Cave research is referred to as an interdisciplinary science because it extends to geology, biology and hydrology, said Andreas Langer, head of the Karst and Speleological Group at the Natural Sciences Association of Carinthia. NASA recently started a solitude, darkness, and solitude training project in caves for a planned Mars voyage. “The cave is a special area where information about the effects on the human body and psyche can be obtained.”
Continental plate drift explored
Caves are also highly sought after in earthquake research. Since the continental plates are still moving, one can analyze the geological layers where the rock masses meet. A project in the Ober Caves deals with exactly this topic. Near this cave, the European and African plates meet, so microtectonic shifts are studied here.
Even if small transitions of this kind can be detected, Langer says, it is possible to use certain algorithms and computer programs to see how the plates behave: “They bend upward, creating tension in the plates. That is exactly what can be detected in the minute transitions. With this project , together with the Museum of Natural History in Vienna, it may be possible to predict earthquakes if you analyze all the mechanisms behind it.”
Muqarnas: Iced Contemporary Witnesses
According to Andreas Langer, caves are also about stalactites. It is “the most beautiful thing that happens in the caves and everything that is presented again and again in the caves of the show”. The stepping stones are crystalline limestone. In cooperation with the University of Innsbruck, the Scientific Society has started a project related to the finding and discovery of so-called cryogenic cave carbonates. It is sintering, that is, a lime deposit formed at the time of the Ice Age.
During the Ice Age, the surfaces froze first, and after a while the deep spaces of the caves were also affected by ice: “When water falls and then hits the icy body in the caves, a special form of sinter is formed. This is the carbonate of the cooled caves.
Carinthia already had glaciers 20,000 years ago
Years ago, cave-goers wondered the cause of the sintered plate accumulations. It is like sawdust: “Professor Spottel, a geologist at the University of Innsbruck, came to the conclusion that sinter flakes are formed when water meets ice and then freezes. Lime falls at exactly this time.” These results have been used to closely examine the sinter and determine its age. According to Langer, it was found that – contrary to what is recorded in the literature – Carinthia was not just a glacier 10,000 years ago: “According to the present scientific condition, one can say that there was indeed a glacier in Carinthia 20,000 years ago . “
New caves also offer exciting insights
Still searching for new caves. A new cave was recently discovered in the Loibl Pass, which was known to the inhabitants there, but not to speleologists, says Langer: “It was a cave that was brought to us by chance. During the excavations, which had nothing to do with it, the upper part of the cave collapsed. Then We looked at it and found that while it is only 25 meters long, its spread is like a chimney from bottom to top.”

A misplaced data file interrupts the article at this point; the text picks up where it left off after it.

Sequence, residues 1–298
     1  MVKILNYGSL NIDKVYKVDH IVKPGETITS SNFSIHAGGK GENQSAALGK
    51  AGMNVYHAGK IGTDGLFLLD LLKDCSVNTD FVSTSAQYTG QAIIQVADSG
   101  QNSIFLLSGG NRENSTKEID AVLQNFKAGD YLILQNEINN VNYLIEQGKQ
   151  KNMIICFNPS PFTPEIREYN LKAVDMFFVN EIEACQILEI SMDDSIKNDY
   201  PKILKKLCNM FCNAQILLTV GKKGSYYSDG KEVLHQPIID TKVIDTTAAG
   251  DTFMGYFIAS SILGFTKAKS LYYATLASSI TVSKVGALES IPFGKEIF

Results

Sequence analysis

This cave forms a classic winter camp for bats due to the high temperatures. Bats also love to use this cave as a summer retreat, as it was discovered during inspection tours.
Scanning, documentation and protection in focus
If a new cave is found, it must be surveyed, but the existing fauna and flora must also be documented. According to Langer, a fellow of the Society for Natural Sciences works extensively on beetle research, for example on blind cave beetles. “He has already discovered many previously unknown species.”
In addition, checks are carried out to determine if the caves are dirty or frequented by people unrelated to cave exploration: “We make sure that our natural caves in Carinthia remain protected.”
Close cross-border cooperation
Speleologists in Carinthia also work with colleagues from Friuli Venezia Giulia and Slovenia, says Andreas Langer: “We’ve lived with the idea of ’senza confini’ for a very long time. In the past, there were also meetings with speleologists from Friuli Venezia Giulia and Slovenia. Unfortunately, That faded a bit.” Over the past 30 years, interest has waned somewhat.
However, people still want to exchange ideas with their southern neighbours, says Langer: “In Austria we have about 14,000 caves on our federal lands. We know from 600 to 650 caves in Carinthia. Slovenia, which is much smaller than Austria in terms of area, has About 14,000 to 15,000 caves. Italy is the largest of the three and has approximately 30,000 known caves.”
Explore cave divers in Carinthian Italian Caves
However, the cooperation of cave experts in Carinthia in Italian and Slovenian research projects is increasing, particularly in cave diving. According to Langer, it is one of the most dangerous hobbies of all: “Last year, fellows from Villach appeared and opened a completely new area in an Italian cave. This was named in the charts as the Carinthian part of the cave.”
The search is not yet complete. “The area is so large that new parts of the cave are still unexplored in the back area. Work will continue this year,” says the expert.
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